The Missionary


Action / Comedy

Rotten Tomatoes Critics - Certified Fresh100%
Rotten Tomatoes Audience - Spilled41%
IMDb Rating6.2102434

Plot summary

Uploaded by: FREEMAN

Top cast

Maggie Smith Photo
Maggie Smith as Lady Isabel Ames
Timothy Spall Photo
Timothy Spall as Parswell
Anton Lesser Photo
Anton Lesser as Young Man
David Suchet Photo
David Suchet as Corbett
792.33 MB
English 2.0
23.976 fps
1 hr 26 min
P/S 2 / 1

Movie Reviews

Reviewed by Lejink7 / 10

Palin's pro's parable..

I've recently finished reading Michael Palin's second set of diaries ("Halfway to Hollywood"),which includes sections covering the real-time writing and filming of this particular film and so was pleased to get the chance to view it.

It's a pleasantly diverting comedy taking gentle pot-shots at snobbery, the English class system, the church and as the title makes clear, the Edwardian outlook on sex, peopled by a top-drawer British cast in very good form.

Palin himself takes the lead part and if lacking a little in the masculine virility I think the part calls for, nonetheless masters as you'd expect the comic delivery for which he's well regarded. To be fair, he is definitely outshone by his co-lead, Maggie Smith, as the repressed wife of a titled benefactor, late of the street herself as Smith herself relates to us in a disarming Cockney accent near the end. Michael Hordern does a hilarious little cameo as a befuddled butler, likewise Denholm Elliott as a "sporty" bishop and Trevor Howard as the frightfully frightfully titled patron-husband of Smith. I also liked Phoebe Nicholl's little turn as Palin's dim and virginal intended bride with a penchant for cataloguing. Some of the characters do, however, seem like leftovers from Palin's wonderful "Ripping Yarns" series and occasionally the film does veer off the track a little too much into farce territory with the ending tapering off somewhat, but with Palin the writer often employing the familiar trick of finishing scenes with amusing jokes, he just about keeps the film on an even keel for its not overlong playing time.

As for the direction, I did find the lighting a little gloomy at times and I suppose lack of budget could have been slightly to blame for not quite delivering a convincing depiction of the squalid streets of London where Palin looks to lift up his fallen women (in the Gladstonian sense of the phrase, naturally).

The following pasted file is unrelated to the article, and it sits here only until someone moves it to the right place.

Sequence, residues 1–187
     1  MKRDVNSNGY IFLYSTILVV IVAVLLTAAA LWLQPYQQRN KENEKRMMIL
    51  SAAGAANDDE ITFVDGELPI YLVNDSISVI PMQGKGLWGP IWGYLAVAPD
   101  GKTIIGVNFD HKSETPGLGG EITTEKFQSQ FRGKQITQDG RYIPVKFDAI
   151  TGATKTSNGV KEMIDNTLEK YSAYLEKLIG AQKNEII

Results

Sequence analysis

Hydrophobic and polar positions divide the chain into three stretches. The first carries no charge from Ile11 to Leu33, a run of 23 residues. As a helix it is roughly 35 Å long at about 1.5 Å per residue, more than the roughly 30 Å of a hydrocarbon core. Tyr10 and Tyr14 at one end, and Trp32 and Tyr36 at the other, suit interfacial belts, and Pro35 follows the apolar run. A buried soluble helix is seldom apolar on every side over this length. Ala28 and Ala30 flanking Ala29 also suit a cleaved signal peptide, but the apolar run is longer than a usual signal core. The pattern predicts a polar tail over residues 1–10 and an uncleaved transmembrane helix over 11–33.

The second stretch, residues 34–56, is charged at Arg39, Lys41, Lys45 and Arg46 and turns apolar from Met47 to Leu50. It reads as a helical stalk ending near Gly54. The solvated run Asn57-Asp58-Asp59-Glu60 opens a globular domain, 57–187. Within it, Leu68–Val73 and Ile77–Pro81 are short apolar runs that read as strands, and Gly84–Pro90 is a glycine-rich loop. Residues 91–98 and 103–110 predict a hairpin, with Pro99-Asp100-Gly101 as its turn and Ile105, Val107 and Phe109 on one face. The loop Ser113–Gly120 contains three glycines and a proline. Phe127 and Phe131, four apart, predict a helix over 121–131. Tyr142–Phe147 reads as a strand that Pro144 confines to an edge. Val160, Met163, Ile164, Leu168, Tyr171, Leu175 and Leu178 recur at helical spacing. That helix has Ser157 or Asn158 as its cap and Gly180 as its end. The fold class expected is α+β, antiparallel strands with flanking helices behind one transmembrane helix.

On the whole though, a likable, at times highly amusing light comedy rather making me sad a little that Michael later got lost on his worldly travels (entertaining as they've been),at the expense of his writing and acting skills.

Reviewed by lee_eisenberg7 / 10

cool religion

Despite the presence of Michael Palin, "The Missionary" is not a Monty Python movie. It certainly doesn't consist of the wry humor that Monty Python did. Rather, it's got the sort of humor where you sometimes have to listen hard to catch the jokes...that is, when the main stuff isn't happening. Palin plays a chaplain who returns from Africa to start a school to help the poor, but has to get on an aristocrat's (Maggie Smith) REALLY good side to acquire the funds. It appears to be the sort of movie that they made to have fun. The movies from George Harrison's company HandMade Films that I've seen (others include "Time Bandits" and "Lock, Stock and Two Smoking Barrels") have always been good ones. I certainly recommend this one. Worth seeing.

Also starring Trevor Howard, Denholm Elliott, Michael Hordern, Graham Crowden, David Suchet, Phoebe Nicholls, Tricia George, Valerie Whittington, Roland Culver, Rosamund Greenwood, Timothy Spall and Neil Innes.

Reviewed by mark.waltz7 / 10

Always look on the bright side of sex.

When veteran missionary Michael Palin returns from 10 years in Africa, he's reassigned by bishop Denholm Elliott to the London red light district in hopes of rehabilitating the street walkers. As timid about sex as he is titillated by it, he's easy prey for the lonely Maggie Smith, married to the aging and extremely wealthy Trevor Howard. But she's a bit of a jealous sort and plots to have her husband bumped off, something Palin must try to stop, unfortunately on the day he's set to marry his long time fiancee Phoebe Nicholls.

Very subtle comedy guides this view of class and manners and sin on both sides of the tracks. There's a shot of the future location of the popular "Downton Abbey", the home of a wealthy widow Palin visits to try to gain funds. Veteran actor Michael Horden provides the narration and is the aging butler to Howard and Smith, often befuddled and possibly senile.

This is the first of two films that Smith and Palin made together (the other being "A Private Function") and while Palin's appearance may seem to indicate it, this is not a Monty Python film. It's nice to see Smith playing a wealthy lady that's not quite like lady Violet from Downton Abbey, and in one part, she indicates that she despises the upper class and is glad to really not be one of them. Interestingly enough, it's set in the same era, so maybe out there in that world was a lookalike great estate where the Crawley's resided. I could listen to Smiths speak all day, but the film nearly is stolen by Horden.

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